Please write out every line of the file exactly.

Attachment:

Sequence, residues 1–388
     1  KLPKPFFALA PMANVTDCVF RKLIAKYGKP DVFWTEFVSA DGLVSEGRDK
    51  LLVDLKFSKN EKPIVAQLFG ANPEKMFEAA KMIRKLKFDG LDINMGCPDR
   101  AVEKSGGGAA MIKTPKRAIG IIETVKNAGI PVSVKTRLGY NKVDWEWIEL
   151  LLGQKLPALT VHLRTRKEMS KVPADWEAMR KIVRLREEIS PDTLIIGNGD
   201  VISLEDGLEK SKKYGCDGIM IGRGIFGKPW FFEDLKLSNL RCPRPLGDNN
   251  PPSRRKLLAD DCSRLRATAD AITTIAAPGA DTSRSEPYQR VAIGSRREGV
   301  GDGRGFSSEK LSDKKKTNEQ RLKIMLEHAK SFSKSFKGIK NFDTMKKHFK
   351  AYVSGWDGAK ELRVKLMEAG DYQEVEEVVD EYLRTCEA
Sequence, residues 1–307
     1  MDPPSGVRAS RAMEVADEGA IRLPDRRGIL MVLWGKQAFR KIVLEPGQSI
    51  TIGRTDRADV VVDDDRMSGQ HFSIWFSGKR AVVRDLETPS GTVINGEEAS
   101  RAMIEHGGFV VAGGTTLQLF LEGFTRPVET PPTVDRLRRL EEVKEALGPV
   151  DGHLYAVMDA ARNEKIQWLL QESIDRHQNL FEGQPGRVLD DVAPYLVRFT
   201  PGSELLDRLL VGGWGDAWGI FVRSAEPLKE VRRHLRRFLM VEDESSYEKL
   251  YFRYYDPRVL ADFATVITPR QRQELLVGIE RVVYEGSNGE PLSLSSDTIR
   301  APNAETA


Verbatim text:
Sequence, residues 1–388
     1  KLPKPFFALA PMANVTDCVF RKLIAKYGKP DVFWTEFVSA DGLVSEGRDK
    51  LLVDLKFSKN EKPIVAQLFG ANPEKMFEAA KMIRKLKFDG LDINMGCPDR
   101  AVEKSGGGAA MIKTPKRAIG IIETVKNAGI PVSVKTRLGY NKVDWEWIEL
   151  LLGQKLPALT VHLRTRKEMS KVPADWEAMR KIVRLREEIS PDTLIIGNGD
   201  VISLEDGLEK SKKYGCDGIM IGRGIFGKPW FFEDLKLSNL RCPRPLGDNN
   251  PPSRRKLLAD DCSRLRATAD AITTIAAPGA DTSRSEPYQR VAIGSRREGV
   301  GDGRGFSSEK LSDKKKTNEQ RLKIMLEHAK SFSKSFKGIK NFDTMKKHFK
   351  AYVSGWDGAK ELRVKLMEAG DYQEVEEVVD EYLRTCEA
Sequence, residues 1–307
     1  MDPPSGVRAS RAMEVADEGA IRLPDRRGIL MVLWGKQAFR KIVLEPGQSI
    51  TIGRTDRADV VVDDDRMSGQ HFSIWFSGKR AVVRDLETPS GTVINGEEAS
   101  RAMIEHGGFV VAGGTTLQLF LEGFTRPVET PPTVDRLRRL EEVKEALGPV
   151  DGHLYAVMDA ARNEKIQWLL QESIDRHQNL FEGQPGRVLD DVAPYLVRFT
   201  PGSELLDRLL VGGWGDAWGI FVRSAEPLKE VRRHLRRFLM VEDESSYEKL
   251  YFRYYDPRVL ADFATVITPR QRQELLVGIE RVVYEGSNGE PLSLSSDTIR
   301  APNAETA